Ocasio-Cortez grills Zuckerberg over political ad policy

Rep. Alexandria Ocasio-CortezAlexandria Ocasio-CortezSanders wants one-on-one fight with Biden Impeachment trial forces senators to scrap fundraisers Ocasio-Cortez knocks Biden: He 'helped sell the invasion of Iraq' and 'spent years working to cut Social Security' MORE (D-N.Y.) grilled Facebook CEO Mark ZuckerbergMark Elliot ZuckerbergHillicon Valley — Presented by Philip Morris International — UN calls for probe into alleged Saudi hack of Bezos | Experts see effort to 'silence' Washington Post | Bezos tweets tribute to Khashoggi Trump says Zuckerberg presidential run 'wouldn't be too frightening' Hillicon Valley: Biden calls for revoking tech legal shield | DHS chief 'fully expects' Russia to try to interfere in 2020 | Smaller companies testify against Big Tech 'monopoly power' MORE about his company's new political ad policy during a House Financial Services Committee hearing Wednesday.

The freshman New York lawmaker asked Zuckerberg a series of hypotheticals about what types of political ads candidates could run without Facebook taking them down.

"Could I pay to target predominantly black zip codes and advertise them the incorrect election date?" Ocasio-Cortez asked.

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"No, you couldn't," Zuckerberg responded, emphasizing the platform's policy of intervening in political ads when they incite violence or could lead to voter suppression.

"Could I run ads targeting Republicans in primaries saying that they voted for the Green New Deal?" Ocasio-Cortez then asked.

"Congresswoman, I don't know the answer to that off the top of my head," Zuckerberg said. "I think probably."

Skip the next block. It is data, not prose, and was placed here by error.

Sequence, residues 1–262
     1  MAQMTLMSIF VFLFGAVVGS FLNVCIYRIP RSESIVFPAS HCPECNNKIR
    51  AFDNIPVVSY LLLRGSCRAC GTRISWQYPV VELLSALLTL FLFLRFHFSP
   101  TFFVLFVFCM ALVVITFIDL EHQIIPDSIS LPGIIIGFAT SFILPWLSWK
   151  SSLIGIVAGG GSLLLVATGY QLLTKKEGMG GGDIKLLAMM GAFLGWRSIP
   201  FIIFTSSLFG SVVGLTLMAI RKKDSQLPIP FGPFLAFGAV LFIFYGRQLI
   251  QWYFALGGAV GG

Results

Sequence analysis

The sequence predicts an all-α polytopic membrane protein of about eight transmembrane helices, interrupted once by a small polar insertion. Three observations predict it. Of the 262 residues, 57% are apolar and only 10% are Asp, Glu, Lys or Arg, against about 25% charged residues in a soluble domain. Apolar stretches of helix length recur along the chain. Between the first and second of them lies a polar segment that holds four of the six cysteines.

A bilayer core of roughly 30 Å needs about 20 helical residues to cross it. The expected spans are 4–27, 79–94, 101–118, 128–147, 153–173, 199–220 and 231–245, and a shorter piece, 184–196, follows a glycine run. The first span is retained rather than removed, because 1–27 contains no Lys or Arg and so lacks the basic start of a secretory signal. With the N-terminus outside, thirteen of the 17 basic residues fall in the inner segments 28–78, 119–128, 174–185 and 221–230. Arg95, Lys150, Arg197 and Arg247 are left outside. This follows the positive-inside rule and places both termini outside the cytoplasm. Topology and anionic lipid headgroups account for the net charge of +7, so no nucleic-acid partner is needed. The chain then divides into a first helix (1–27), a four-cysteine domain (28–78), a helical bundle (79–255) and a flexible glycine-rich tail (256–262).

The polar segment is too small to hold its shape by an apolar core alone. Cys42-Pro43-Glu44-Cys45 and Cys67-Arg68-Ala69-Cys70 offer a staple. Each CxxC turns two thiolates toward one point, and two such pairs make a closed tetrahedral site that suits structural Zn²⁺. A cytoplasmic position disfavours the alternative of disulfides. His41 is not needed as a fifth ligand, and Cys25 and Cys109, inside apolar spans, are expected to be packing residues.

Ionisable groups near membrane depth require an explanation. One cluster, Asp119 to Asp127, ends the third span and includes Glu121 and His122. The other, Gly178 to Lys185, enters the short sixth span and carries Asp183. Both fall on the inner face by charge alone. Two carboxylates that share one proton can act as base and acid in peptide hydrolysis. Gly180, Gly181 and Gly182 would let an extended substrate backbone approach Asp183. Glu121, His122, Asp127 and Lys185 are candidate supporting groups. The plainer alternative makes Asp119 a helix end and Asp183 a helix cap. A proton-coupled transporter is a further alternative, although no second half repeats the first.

"Do you see a problem here with a complete lack of fact-checking on political advertisements?" Ocasio-Cortez countered.

"Congresswoman, I think lying is bad," Zuckerberg responded.

"So you will take down lies, or you won't take down lies? I think this is a pretty simple yes or no," she asked again.

"It depends on the context that it shows up," the tech executive responded.

Criticism of Facebook's new rule to give broad deference to political content escalated after President TrumpDonald John TrumpMnuchin knocks Greta Thunberg's activism: Study economics and then 'come back' to us The Hill's Morning Report - House prosecutes Trump as 'lawless,' 'corrupt' What to watch for on Day 3 of Senate impeachment trial MORE’s campaign ran an ad accusing former Vice President Joe BidenJoe BidenThe Hill's Morning Report - House prosecutes Trump as 'lawless,' 'corrupt' What to watch for on Day 3 of Senate impeachment trial Sanders wants one-on-one fight with Biden MORE of using his office to pressure Ukrainian officials to drop an investigation into a company where his son Hunter Biden sat on the board.

Facebook declined to remove the ad despite the fact that there was no evidence to support the allegations against the 2020 Democratic presidential candidate.

Sen. Elizabeth WarrenElizabeth Ann WarrenTensions between McConnell and Schumer run high as trial gains momentum Sanders wants one-on-one fight with Biden Biden, Sanders tax plans would raise less revenue than claimed: studies MORE (D-Mass.), another presidential candidate, has been particularly outspoken against the policy and ran an ad falsely claiming that Zuckerberg had endorsed Trump to draw attention to the controversy.

Meanwhile, Facebook has defended the policy, arguing private companies should not make determinations over what political candidates are allowed to say.

Ocasio-Cortez's questioning of Zuckerberg came during a hearing focused on Facebook's Libra cryptocurrency project.